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Tuesday, February 07, 2006

What Does Star Really Mean?

Or, put differently, who would you rather have playing in your town -- these guys or these guys?

The former are household names; the latter just win games.

And keep winning.

One of the former played about 40 minutes last night and no assists. Another is past his prime, and yet another is hurt. Of course, the other two guys are two of the best young players in the game, and, yes, I suppose if you got this five to play together enough they'd probably win 62+ games with the right supporting cast off the bench. But how many times have their been assemblages of great talent in the contemporary NBA that haven't won? How well are the highest-paid teams faring? (See the Knicks and the 76ers for examples that your payroll doesn't guarantee victories).

As for the latter, well, they just win games. Relatively anonymously, too.

No Super Bowl ads, no shoes named after them, not much publicity, really, when you come to think of it.

Except when you view these.

And then they're the true all-Stars.

Prince, R. Wallace, B. Wallace, Hamilton and Billups. A finer five you could not find. Each knows his role, each can step up and be the guy in a certain way when he has to. A 6'11" player who can drain threes, a shooting guard who can complement, a point guard who can take over, and a center who doesn't have to be the center of attention, not to mention a small forward who can play big. All of these players are guys who realize that the grueling NBA schedule is at its most rewarding when team comes before individual stats, shoe contracts and endorsements.

That's not, by the way, a knock on any of the guys who were voted in as all-stars. Some of the all-stars do have their limits, but the knock is really on the fans (and the NBA for the way it promotes the game). They're voting for the marquis names, which, perhaps, is what the NBA's outstanding marketing organization wants them to do. After all, what would an all-star game be without LeBron in the starting lineup. Ditto "The Answer", Shaq Diesel and the rest.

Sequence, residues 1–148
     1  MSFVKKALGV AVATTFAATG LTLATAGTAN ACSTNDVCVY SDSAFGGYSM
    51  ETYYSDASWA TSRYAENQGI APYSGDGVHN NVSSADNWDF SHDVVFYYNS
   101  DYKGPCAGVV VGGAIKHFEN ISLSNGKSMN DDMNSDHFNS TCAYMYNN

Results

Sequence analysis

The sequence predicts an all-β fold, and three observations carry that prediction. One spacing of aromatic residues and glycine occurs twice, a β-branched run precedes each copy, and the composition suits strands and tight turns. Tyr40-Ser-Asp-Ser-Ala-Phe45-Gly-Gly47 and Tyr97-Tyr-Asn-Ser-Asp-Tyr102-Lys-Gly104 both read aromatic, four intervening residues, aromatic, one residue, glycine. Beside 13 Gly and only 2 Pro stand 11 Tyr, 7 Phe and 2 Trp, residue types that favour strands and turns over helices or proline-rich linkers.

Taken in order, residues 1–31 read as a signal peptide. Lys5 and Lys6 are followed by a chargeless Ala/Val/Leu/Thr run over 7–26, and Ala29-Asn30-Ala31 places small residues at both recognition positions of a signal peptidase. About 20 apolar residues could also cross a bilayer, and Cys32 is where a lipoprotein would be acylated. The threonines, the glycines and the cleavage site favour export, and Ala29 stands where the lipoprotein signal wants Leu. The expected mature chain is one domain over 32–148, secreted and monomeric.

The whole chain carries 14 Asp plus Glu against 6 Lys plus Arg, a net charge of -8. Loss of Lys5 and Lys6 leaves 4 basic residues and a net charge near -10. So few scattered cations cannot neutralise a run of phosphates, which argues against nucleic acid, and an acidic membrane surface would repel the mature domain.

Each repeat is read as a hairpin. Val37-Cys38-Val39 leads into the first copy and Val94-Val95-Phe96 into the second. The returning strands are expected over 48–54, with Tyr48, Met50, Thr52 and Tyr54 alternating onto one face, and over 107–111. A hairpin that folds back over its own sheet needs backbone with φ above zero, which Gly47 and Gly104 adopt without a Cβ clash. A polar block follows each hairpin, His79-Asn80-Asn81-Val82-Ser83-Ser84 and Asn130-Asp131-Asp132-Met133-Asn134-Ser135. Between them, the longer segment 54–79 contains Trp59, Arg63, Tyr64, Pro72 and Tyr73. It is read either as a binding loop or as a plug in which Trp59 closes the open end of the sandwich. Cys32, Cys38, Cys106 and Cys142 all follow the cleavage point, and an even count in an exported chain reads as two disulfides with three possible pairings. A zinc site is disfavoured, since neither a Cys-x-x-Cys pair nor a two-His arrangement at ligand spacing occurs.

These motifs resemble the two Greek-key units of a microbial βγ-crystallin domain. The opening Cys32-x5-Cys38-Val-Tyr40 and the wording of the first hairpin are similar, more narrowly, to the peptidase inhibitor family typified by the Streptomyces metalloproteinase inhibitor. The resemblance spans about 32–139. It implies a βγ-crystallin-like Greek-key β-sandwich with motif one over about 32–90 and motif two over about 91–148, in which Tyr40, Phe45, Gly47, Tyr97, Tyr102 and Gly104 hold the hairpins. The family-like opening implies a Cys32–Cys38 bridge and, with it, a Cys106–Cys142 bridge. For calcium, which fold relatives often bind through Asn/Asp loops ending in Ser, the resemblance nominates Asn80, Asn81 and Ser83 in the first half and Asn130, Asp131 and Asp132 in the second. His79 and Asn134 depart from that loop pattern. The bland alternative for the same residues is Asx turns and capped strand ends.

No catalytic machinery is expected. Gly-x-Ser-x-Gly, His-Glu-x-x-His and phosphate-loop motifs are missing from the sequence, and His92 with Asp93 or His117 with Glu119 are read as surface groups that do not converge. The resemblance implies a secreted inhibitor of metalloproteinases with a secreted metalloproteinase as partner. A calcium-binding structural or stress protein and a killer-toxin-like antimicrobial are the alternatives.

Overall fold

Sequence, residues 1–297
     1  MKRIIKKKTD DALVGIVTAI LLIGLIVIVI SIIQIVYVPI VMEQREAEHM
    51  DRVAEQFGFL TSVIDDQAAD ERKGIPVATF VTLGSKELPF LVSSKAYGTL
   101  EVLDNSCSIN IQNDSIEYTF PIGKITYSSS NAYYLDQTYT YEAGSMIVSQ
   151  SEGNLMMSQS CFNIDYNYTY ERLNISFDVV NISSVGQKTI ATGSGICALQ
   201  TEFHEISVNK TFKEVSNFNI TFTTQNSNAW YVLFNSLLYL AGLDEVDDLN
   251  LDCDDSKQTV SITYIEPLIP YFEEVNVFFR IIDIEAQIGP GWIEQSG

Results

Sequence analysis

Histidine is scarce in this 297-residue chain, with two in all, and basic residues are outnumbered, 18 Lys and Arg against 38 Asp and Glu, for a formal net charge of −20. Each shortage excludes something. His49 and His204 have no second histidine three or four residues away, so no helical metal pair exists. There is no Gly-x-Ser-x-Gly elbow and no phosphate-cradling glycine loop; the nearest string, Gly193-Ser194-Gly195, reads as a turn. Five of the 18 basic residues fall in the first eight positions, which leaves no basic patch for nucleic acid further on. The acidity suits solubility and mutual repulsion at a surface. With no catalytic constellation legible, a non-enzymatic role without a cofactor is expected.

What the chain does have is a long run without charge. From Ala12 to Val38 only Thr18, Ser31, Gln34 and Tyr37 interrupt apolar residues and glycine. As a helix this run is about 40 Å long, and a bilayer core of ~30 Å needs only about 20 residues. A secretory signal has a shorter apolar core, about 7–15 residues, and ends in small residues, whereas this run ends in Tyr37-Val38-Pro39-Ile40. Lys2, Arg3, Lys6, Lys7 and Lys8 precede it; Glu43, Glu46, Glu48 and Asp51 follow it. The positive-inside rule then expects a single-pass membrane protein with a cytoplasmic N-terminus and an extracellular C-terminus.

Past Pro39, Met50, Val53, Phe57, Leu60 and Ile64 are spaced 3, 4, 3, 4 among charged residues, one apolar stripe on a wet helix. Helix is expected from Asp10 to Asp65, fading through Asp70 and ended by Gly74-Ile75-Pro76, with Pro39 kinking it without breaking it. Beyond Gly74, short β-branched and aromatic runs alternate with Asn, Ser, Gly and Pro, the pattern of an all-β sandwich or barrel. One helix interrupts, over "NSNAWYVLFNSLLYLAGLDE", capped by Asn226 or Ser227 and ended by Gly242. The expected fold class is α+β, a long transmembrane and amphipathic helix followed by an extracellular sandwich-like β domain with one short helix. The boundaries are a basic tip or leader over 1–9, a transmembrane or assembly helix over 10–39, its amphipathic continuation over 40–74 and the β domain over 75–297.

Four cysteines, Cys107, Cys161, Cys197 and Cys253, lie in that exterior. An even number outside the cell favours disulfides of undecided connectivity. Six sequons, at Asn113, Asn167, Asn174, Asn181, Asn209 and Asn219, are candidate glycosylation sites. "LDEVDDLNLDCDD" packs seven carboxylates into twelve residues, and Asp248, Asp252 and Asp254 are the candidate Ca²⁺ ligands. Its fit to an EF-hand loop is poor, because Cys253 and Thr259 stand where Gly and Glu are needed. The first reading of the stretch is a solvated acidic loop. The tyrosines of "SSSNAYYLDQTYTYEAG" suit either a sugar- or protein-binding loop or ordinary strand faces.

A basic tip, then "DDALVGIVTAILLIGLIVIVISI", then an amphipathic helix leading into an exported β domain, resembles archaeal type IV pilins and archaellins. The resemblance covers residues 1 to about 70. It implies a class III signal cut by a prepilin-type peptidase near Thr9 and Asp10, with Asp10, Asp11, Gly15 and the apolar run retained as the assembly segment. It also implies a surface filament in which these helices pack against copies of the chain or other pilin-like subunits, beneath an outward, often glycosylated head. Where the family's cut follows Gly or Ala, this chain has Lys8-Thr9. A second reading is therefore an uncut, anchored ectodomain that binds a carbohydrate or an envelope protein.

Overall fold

The Pistons aren't as jazzy. There are no players who are known around the league by their first names, although there is only one Chauncey, Tayshaun and Rip in the NBA. (Come to think of it, are there any other Rasheeds?). They don't get the national endorsements.

But that statement is what makes the NBA's product schizophrenic. Is the NBA about entertainment, or is it about basketball? I think that the NBA is more about entertainment now than basketball. Otherwise, how can you explain the exorbitant ticket prices for a product that more often than not is mediocre? Are people going to see a rivalry, or are they going to see the stars?

Way back when, it was about the competition. Way back when, there weren't too many teams and therefore there wasn't a dilution of talent. Way back when, it wasn't about selling jerseys or merchandise. It was about selling tickets and having your town's team (in my case, Philadelphia's) beat the dreaded Celtics and the classy Knicks. Most of the time, it couldn't do it.

But when it did, well, it was something special.

Today, though, selling is the name of the game. When selling coalesces with a team that plays together, all the better, but in Detroit you have some throwback players who subordinate their own talents for the good of an outstanding team, a team that I'd pay to watch and that is fun to watch on television. Not a team where you have four guys standing around on offense and your star going one on four and neglecting to find the open man.

So, when we watch the NBA all-star game, we're watching a tribute to marketing and to individual talent.

What we're not so sure we're watching is a tribute to team basketball in the purest sense of the term. Naturally, the NBA all-star game is one big garbage time, but it doesn't reward all the guys who make the best teams the best teams.

And therein lies the NBA's and the fan's dilemma. Are they ever to dare to put teamwork and fundamentals again before entertainment value? (Forget about the all-star game; I'm talking about the regular season).

If they were to be so bold (in their own eyes, not mine), they might surprise themselves.

More people might start watching the games again.

Because, after all, it should be about the competition on the floor.

And not the packaging that envelops it.

4 Comments:

Anonymous Anonymous said...

I am a native Detroiter and remeber well the "Bad Boys" who were mostly no-name guys, too, except for Zeke. (It was before Dennis Rodman went completely over the cliff.)

The classiest of them all, Joe Dumars, has now created a team in the hard-working mold of those guys, without the thuggery.

I rarely watch NBA games these days for the reasons you mention -- it seems more about the highlights on ESPN than the result of the game. The exception is when the Pistons are on.

TIGOBLUE

5:48 PM  
Blogger Mr. Spriggs said...

The Pistons do clearly have a team that is great and the best starting 5 so I agree with everything your writing about stars and what not so good stuff there.

But you need to get a Big East Basketball link on your page too.

6:27 PM  
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